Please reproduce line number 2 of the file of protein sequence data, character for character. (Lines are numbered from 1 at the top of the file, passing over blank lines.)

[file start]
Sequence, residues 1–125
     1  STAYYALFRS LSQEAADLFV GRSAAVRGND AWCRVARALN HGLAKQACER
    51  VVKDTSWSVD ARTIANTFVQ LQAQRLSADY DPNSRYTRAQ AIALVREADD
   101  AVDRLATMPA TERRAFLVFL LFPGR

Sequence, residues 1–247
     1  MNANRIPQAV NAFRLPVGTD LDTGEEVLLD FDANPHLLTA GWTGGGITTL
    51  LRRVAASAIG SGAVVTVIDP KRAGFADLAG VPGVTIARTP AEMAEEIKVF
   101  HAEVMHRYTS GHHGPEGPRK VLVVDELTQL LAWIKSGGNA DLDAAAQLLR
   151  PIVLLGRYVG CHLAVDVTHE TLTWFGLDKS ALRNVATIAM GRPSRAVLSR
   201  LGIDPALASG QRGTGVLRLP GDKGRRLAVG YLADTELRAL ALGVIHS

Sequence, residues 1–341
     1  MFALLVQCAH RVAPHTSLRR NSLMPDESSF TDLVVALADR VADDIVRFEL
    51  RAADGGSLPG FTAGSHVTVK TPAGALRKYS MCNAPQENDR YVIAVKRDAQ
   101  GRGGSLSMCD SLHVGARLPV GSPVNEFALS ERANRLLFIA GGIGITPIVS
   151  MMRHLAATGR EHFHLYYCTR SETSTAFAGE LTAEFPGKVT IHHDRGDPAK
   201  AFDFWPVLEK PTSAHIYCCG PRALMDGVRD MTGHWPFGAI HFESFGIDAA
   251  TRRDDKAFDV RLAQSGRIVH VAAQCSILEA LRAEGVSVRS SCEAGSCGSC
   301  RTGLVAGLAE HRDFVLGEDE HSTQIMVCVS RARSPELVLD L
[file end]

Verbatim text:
     1  STAYYALFRS LSQEAADLFV GRSAAVRGND AWCRVARALN HGLAKQACER